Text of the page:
The Dilemma of Product Design: All-In-One vs Single-Function

Posted on Posted in Blog, Product Development

After discovering gaps left in the market or problems left to be solved, entrepreneurs roll up sleeves trying to design “the best product” to meet the demand as the first to enter the target market. Here comes the question. How do entrepreneurs make a decision on specifications and functions to be included in a product? It is foreseeable a product without providing problem-solving function can not woo customers. However, do consumers always fancy an all-in-one superpower product than a single-function painkiller product? 

Sell Customers The Product They Cannot Resist

A 100-year-old electronic company, Tatung recently launched a fashion cooker (right) trying to break into the market in Japan and ASEAN. The fusion cooker provides four cooking modes, which was designed as a truly multi-cooker to save space and probably money for customers. When I first looked at this fusion cooker, I appreciated its design but started to worry about its tiny pot could only let me serve a small portion of soup, compared to Tatung’s evergreen product- the rice cooker (left) which often is used in a variant way of cooking.   

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Is Tatung trying to beat its own rice cooker by bringing this fusion cooker into the market? Absolutely not! That’s probably their market segregation strategy, to bring a new multifunction product to new markets where customers have less stickiness to its iconic product, own less knowledge about the simple rice cooker’s alternative usages, and are more smart-function sensitive (maybe even have less concern about its pot size). At the same time, the rice cooker still serves its well-established market, without change of its market position. 

Focus, Focus, And Focus

Founder of Alchema, a smart cider maker startup, was giving a talk about his entrepreneurial experience at Maker Faire Taipei earlier this month. They first discovered a specific market gap: plenty of homebrewing lovers find the process too complicated and those DIY kits too difficult to use. It turns out to leave a good opportunity for them to provide an easy-to-use homebrewing system to overcome frustration for consumers who like brewing or winemaking at home, which actually makes a promising market, especially in the States. At the same time, they were considering the possibility to integrate other functions, like probiotics growing or homemade vinegar making, with the primary brewing function to make it the best product in the market. In the end, they strategized to drop all other add-on functions in order to build a clear brand image- a homebrewing solution provider. In this way, they gave up the chance to serve a larger market all at once, but they got to target the core customers and charge a premium price for an unmatched homebrewing system.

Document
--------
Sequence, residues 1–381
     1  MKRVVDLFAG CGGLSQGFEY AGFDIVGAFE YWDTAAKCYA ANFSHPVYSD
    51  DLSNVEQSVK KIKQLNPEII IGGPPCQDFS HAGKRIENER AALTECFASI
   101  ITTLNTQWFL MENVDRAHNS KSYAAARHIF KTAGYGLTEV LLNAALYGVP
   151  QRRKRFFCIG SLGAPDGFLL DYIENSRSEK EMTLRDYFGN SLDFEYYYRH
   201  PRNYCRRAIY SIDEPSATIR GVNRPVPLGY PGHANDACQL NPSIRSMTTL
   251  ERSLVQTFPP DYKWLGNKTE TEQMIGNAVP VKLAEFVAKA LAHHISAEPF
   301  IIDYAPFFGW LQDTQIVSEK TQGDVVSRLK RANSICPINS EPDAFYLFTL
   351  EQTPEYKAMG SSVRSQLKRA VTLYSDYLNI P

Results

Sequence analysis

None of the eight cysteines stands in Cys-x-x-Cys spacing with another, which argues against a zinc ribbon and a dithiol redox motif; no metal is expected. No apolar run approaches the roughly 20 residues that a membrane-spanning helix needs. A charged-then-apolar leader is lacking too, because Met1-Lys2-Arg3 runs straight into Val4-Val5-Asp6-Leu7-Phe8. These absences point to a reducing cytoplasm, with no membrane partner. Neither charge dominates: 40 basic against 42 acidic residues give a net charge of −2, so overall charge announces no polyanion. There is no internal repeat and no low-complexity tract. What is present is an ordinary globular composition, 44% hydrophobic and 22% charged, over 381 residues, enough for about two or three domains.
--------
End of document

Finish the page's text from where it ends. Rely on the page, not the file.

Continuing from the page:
Never Let Technology Override Customers’ True Desire

Throwback to my time working for an engineering consulting firm. One of our clients came up with a crowdfunding idea to make an innovative electric skateboard and came to us to seek engineering support. According to his interpretation, this is not your typical electric skateboard, but a robotic driving system. Except for traditional transport function, it could carry light-weight stuff like camera stabilizers or containers by adding some hardware upgrades. Oh wait! It also has an auto-follow function. This sounds a very cool idea at first glance. You pay for one electric skateboard and will get more out of it. Nevertheless, does this groundbreaking skateboard really make a desirable product? Do customers really want to have a multifunctional e-skateboard like this? To be capable of carrying stuff, the skateboard lost its character of being slim and fast. To serve its fundamental purpose of transport, the robotic driving system isn’t big enough to carry stuff in a more efficient and stable way. Then why do we ever want to buy a multi-purpose product while it couldn’t function to its best in either way as claimed? Obvious this crowdfunding campaign was not successful, at least, in the first round.

See Where The Market Will Lead You To

Here is not to promote simple design over the rest, and vice versa. However, designers and makers do need to go back to look at the problem again and again and re-consider if an additional function genuinely makes this product a better one without sacrificing its core value or blurring the focus. Know your target customers first. Talk to potential customers or even just to people around you to see if your product/idea is solid. Conduct market research to prevent foreseeable failure at minimum cost. Don’t add more function just because you think it is cool. Add more function because it makes sense to target customers. They probably don’t need an omnipotent product, but a product that can perfectly solve their problem to make their day easier. 


Written by Rouyu Wu, program manager at Shape Prototype, responsible for business development and market intelligence. Truly believe in the power of innovation. We can utilize technologies wisely to shape the world a better place for everyone.

Shape Prototype is a product developing, prototyping and manufacturing hub dedicated to working with SMEs and startups worldwide. The team has in-house prototyping and moulding facility based in Dongguan and Shenzhen, China. With extensive product experiences and startups-friendly product approach, the team is determined to shake up China’s manufacturing industry to offer customized product solutions and personalized product manufacturing experiences to global small businesses and startups.

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